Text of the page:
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Knapton v. Social Security Administration Commissioner

United States District Court, District of Maine

April 4, 2014

RALPH A KNAPTON, Plaintiff
v.
SOCIAL SECURITY ADMINISTRATION COMMISSIONER, Defendant

Plaintiff RALPH A KNAPTON represented by DAVID A. CHASE MACDONALD, CHASE & DUFOUR LEAD ATTORNEY ATTORNEY TO BE NOTICED

Defendant SOCIAL SECURITY ADMINISTRATION COMMISSIONER represented by MOLLY E. CARTER SOCIAL SECURITY ADMINISTRATION OFFICE OF GENERAL COUNSEL JOHN F. KENNEDY FEDERAL ATTORNEY TO BE NOTICED

REPORT AND RECOMMENDED DECISION

John C. Nivison, U.S. Magistrate Judge

After consideration of Plaintiff Ralph Knapton’s applications for disability insurance benefits under Title II and supplemental security income under Title XVI of the Social Security Act, Defendant, the Social Security Administration Acting Commissioner, found that Plaintiff has severe impairments but retains the functional capacity to perform substantial gainful activity. Defendant, therefore, denied Plaintiff’s applications for disability benefits.

Following a review of the record, and consideration of the parties’ written and oral arguments, as explained below, the recommendation is that the Court affirm the administrative decision.

The Administrative Findings

Because the Appeals Council “found no reason” to review the decision, the Acting Commissioner’s final decision is the March 16, 2012, decision of the Administrative Law Judge (ALJ). The ALJ’s decision tracks the familiar five-step sequential evaluation process for analyzing social security disability claims. See 20 C.F.R. §§ 404.1520, 416.920.

At step 1 of the sequential evaluation process, the ALJ concluded that Plaintiff satisfied the insured status requirements of Title II through December 31, 2011, and had not engaged in substantial gainful activity from August 1, 2006, the alleged date of the onset of disability. (ALJ Decision, Findings and Conclusions, ¶¶ 1, 2.) In the second stage of the analysis, the ALJ found that Plaintiff has the following severe physical/mental impairments: chronic obstructive pulmonary disease, sleep apnea, type II diabetes, obesity, and anti-social personality disorder. (Id. ¶ 3.) At step 3 of the process, the ALJ determined that Plaintiff’s combination of impairments would not meet or equal any listing in Appendix 1 to 20 C.F.R. Part 404, Subpart P. Using the psychiatric review technique, the ALJ determined that Plaintiff suffers mild restriction in activities of daily living, moderate difficulties in social functioning, and moderate difficulties maintaining concentration, persistence, and pace. The ALJ also observed that Plaintiff had no episodes of decompensation. (Id. ¶ 4.)

Prior to further evaluation at steps 4 and 5, the ALJ assessed Plaintiff’s residual functional capacity. The ALJ found that Plaintiff has the residual functional capacity to perform light work subject to a restriction on walking no more than 15 minutes at a time, and 15 minutes per hour. Additionally, the ALJ determined that Plaintiff can only occasionally climb ramps or stairs, balance, crawl, stoop, kneel, crouch, or crawl, and that Plaintiff must avoid extreme temperatures, pulmonary irritants, and workplace hazards such as uneven work surfaces. Finally, the ALJ concluded that Plaintiff’s work must be limited to simple, routine, unskilled work, with no interaction with the public and only superficial interaction with coworkers and supervisors. (Id. ¶ 5 & n.2.) The ALJ, therefore, found that the assessed degree of limitation precludes Plaintiff from performing any past relevant work, namely, skilled work as a retail manager. (Id. ¶ 6.)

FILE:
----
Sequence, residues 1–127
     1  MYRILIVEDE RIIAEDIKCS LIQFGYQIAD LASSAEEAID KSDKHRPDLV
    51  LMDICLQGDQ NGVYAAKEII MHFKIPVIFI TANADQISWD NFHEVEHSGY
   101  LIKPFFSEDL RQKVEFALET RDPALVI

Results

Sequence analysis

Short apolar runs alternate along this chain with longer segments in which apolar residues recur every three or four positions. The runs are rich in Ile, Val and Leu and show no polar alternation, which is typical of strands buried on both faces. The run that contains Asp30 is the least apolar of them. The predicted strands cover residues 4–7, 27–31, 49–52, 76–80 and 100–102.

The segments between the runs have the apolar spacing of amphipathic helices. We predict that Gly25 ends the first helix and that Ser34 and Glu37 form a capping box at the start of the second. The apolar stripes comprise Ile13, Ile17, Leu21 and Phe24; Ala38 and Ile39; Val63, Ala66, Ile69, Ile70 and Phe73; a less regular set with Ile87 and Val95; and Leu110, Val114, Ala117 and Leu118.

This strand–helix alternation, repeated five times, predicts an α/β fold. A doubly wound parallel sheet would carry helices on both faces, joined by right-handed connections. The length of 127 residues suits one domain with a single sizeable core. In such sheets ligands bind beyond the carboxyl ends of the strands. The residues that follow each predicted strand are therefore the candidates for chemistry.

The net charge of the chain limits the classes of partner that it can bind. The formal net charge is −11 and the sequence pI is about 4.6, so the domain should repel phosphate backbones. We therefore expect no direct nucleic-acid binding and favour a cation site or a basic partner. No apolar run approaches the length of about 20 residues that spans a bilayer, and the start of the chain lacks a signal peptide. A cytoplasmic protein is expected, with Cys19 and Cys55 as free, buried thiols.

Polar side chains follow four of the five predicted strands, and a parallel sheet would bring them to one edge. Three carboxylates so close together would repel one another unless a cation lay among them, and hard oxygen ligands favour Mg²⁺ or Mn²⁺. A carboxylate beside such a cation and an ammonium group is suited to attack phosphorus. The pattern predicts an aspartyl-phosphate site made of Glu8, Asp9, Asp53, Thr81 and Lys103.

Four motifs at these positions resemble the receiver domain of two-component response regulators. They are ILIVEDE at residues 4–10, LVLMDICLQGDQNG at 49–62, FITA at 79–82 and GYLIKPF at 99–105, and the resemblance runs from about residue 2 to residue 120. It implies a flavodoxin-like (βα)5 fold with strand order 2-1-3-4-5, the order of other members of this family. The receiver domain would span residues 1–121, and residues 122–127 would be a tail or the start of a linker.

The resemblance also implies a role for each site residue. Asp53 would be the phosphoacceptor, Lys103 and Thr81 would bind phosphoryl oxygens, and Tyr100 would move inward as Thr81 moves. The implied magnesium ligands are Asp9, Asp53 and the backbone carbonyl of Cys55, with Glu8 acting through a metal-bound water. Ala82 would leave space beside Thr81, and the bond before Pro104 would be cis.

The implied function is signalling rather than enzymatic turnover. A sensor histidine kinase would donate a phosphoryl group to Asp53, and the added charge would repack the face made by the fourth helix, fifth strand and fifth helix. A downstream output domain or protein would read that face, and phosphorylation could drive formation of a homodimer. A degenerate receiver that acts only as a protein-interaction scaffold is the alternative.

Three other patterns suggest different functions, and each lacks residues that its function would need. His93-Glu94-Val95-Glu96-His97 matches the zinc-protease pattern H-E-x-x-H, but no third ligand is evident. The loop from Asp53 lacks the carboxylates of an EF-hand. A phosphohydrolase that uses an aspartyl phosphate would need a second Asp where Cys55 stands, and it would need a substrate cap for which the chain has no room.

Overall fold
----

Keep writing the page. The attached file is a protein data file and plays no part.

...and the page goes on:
The record and the ALJ findings also establish that Plaintiff was born in 1959, making him an individual closely approaching advanced age as of the date of alleged onset; that Plaintiff has a high school education; and that Plaintiff can communicate in English. (Id. ¶¶ 7, 8.) The ALJ found that the existence of transferable skills was not material to evaluation of Plaintiff’s claim under the Medical-Vocational Guidelines. (Id. ¶ 9.) Upon review of Plaintiff’s vocational profile and the residual functional capacity findings as determined by the ALJ, a vocational expert concluded that Plaintiff could still engage in other substantial gainful employment, including as a mail clerk or courier, and in “various light assembly productions jobs, ” such as assembler of medical supplies. (Id. ¶ 10.) Accepting this testimony, the ALJ concluded that Plaintiff is not disabled under the Social Security Act. (Id. ¶¶ 10, 11.)

Discussion of Plaintiff’s Statement of Errors

A. Standard of Review

The Court must affirm the administrative decision so long as it applies the correct legal standards and is supported by substantial evidence. This is so even if the record contains evidence capable of supporting an alternative outcome. Manso-Pizarro v. Sec’y of HHS, 76 F.3d 15, 16 (1st Cir. 1996) (per curiam); Rodriguez Pagan v. Sec’y of HHS, 819 F.2d 1, 3 (1st Cir. 1987). Substantial evidence is evidence that a reasonable mind might accept as adequate to support a finding. Richardson v. Perales, 402 U.S. 389, 401 (1971); Rodriguez v. Sec’y of HHS, 647 F.2d 218, 222 (1st Cir. 1981). “The ALJ’s findings of fact are conclusive when supported by substantial evidence, ...


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